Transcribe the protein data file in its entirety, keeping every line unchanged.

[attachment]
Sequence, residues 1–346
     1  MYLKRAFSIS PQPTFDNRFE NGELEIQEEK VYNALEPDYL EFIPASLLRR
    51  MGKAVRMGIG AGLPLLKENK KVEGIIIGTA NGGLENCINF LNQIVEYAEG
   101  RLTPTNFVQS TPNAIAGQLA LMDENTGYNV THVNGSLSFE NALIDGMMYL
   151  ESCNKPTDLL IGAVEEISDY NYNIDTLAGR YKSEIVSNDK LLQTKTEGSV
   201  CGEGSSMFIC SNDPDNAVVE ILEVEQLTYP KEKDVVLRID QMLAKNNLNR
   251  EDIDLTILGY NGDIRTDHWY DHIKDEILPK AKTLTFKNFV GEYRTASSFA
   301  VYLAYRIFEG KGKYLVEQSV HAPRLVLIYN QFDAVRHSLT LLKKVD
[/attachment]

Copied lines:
Sequence, residues 1–346
     1  MYLKRAFSIS PQPTFDNRFE NGELEIQEEK VYNALEPDYL EFIPASLLRR
    51  MGKAVRMGIG AGLPLLKENK KVEGIIIGTA NGGLENCINF LNQIVEYAEG
   101  RLTPTNFVQS TPNAIAGQLA LMDENTGYNV THVNGSLSFE NALIDGMMYL
   151  ESCNKPTDLL IGAVEEISDY NYNIDTLAGR YKSEIVSNDK LLQTKTEGSV
   201  CGEGSSMFIC SNDPDNAVVE ILEVEQLTYP KEKDVVLRID QMLAKNNLNR
   251  EDIDLTILGY NGDIRTDHWY DHIKDEILPK AKTLTFKNFV GEYRTASSFA
   301  VYLAYRIFEG KGKYLVEQSV HAPRLVLIYN QFDAVRHSLT LLKKVD